The history of gymnastics can be traced to ancient Greece when distinct gymnastic exercises were developed as part of a regimen of physical conditioning and military training. Gymnastics was a prominent feature of the ancient Olympics but gradually lost its popularity to gladiator-like events. In the 1800s gymnastics experienced a rebirth due to the efforts of Friedrich Ludwig Jahn, a German educator known as the father of gymnastics. The sport has been part of the modern Olympic Games since 1896, although the first female competition did not take place until 1952.
- D Score – technical value of routine
- E Score – execution of routine
- 4 women’s disciplines
- 6 men’s disciplines
- Chalk is used to improve grip
There are four disciplines in women’s artistic gymnastics; vault, uneven bard, beam, and floor. For men, there are six disciplines; floor, pommel horse, rings, vault, parallel bars, and horizontal bar. Judges award two scores after each gymnast’s performance, a D-score and an E-score. The D-score refers to the technical value of the routine: difficulty, bonuses, and routine requirements and it has no maximum. The E-score evaluates the execution of the routine by making deductions for mistakes such as bent legs, falls, and lack of height. The total deductions are subtracted from 10, so in a perfect routine, the E-score is 10.0.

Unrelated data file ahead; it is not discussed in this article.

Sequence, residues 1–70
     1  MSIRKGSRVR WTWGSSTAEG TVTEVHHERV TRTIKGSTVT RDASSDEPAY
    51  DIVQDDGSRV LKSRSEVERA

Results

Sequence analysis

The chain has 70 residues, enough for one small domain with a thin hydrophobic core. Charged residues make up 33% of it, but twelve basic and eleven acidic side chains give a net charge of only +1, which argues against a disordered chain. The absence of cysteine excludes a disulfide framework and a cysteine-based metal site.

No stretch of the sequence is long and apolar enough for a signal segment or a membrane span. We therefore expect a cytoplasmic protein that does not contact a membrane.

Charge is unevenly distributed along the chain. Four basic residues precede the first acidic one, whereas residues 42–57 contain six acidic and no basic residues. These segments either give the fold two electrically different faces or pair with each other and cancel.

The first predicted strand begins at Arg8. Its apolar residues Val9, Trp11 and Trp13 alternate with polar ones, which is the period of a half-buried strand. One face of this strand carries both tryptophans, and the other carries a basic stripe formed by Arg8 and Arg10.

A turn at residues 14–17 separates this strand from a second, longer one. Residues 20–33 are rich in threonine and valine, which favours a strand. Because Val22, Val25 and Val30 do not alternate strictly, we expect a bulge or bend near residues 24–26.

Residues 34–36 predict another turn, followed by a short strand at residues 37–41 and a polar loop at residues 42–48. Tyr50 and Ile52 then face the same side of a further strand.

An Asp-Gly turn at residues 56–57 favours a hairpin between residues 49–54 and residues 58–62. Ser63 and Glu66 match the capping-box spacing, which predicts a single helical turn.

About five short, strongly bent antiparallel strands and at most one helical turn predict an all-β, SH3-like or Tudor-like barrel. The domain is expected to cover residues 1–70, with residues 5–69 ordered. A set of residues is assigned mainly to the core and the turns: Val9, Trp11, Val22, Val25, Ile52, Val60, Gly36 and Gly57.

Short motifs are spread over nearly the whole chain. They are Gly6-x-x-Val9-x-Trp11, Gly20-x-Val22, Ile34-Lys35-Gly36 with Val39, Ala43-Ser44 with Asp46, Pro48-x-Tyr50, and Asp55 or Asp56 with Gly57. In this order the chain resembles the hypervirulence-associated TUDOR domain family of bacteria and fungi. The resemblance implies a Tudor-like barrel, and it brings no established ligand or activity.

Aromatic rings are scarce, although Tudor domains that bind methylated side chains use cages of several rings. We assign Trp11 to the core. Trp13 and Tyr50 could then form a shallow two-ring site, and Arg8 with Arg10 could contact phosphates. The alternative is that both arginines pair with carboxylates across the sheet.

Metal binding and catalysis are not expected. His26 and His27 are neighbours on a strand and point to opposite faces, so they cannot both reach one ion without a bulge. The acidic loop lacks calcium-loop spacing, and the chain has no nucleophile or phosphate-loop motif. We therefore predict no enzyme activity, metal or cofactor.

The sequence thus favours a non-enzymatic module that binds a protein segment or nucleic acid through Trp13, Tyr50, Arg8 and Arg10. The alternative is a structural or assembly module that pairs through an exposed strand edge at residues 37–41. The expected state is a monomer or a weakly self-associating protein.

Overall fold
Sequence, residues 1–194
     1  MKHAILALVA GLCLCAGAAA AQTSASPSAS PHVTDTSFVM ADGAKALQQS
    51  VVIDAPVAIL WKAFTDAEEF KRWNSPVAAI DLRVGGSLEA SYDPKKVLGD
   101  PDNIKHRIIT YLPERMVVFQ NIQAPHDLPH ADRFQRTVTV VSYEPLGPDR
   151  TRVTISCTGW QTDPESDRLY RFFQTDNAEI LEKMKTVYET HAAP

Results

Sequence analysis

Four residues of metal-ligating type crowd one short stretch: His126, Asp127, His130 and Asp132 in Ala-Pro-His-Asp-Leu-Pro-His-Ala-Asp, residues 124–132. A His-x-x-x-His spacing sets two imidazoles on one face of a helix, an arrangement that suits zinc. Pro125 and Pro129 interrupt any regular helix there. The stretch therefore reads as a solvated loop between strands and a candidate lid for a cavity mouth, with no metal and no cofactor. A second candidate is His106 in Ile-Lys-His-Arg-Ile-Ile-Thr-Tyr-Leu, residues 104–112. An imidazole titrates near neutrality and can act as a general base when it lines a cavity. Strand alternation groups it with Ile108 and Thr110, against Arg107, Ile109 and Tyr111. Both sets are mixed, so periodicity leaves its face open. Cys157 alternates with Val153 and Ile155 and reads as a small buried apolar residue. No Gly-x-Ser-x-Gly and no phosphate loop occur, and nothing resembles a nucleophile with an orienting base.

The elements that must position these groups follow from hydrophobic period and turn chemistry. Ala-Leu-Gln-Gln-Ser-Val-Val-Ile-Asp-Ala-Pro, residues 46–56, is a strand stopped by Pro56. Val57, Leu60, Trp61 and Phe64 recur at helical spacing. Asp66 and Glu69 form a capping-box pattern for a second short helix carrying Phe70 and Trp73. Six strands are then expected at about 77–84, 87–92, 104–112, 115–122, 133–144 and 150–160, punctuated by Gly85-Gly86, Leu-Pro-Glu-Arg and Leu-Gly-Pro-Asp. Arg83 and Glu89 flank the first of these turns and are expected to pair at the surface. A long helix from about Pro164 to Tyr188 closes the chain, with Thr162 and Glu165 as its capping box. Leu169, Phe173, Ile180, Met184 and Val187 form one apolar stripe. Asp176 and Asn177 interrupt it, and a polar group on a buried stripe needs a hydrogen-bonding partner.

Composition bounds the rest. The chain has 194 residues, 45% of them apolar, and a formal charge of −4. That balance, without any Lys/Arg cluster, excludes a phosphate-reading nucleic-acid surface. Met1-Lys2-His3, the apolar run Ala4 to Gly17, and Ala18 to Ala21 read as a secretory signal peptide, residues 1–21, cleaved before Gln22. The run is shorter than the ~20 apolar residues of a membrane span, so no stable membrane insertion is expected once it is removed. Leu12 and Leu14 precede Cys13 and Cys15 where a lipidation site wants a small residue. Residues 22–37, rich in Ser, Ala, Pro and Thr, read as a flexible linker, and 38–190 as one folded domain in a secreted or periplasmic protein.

At the BC Winter Games female athletes are 10-14 years old and male athletes are 11-15 years old. The competition format consists of a team event, all-around (the total from all 4 or 6 apparatus), and individual event finals.
There are over 40,000 registered members of gymnastics clubs in BC with an additional 130,000 people taking part in some form of gymnastics. Gymnastics BC oversees artistic gymnastics and trampoline and tumbling in the province.
Notable alumni include Zachary Clay (2006 BC Winter Games) who is a current member of the men’s national team.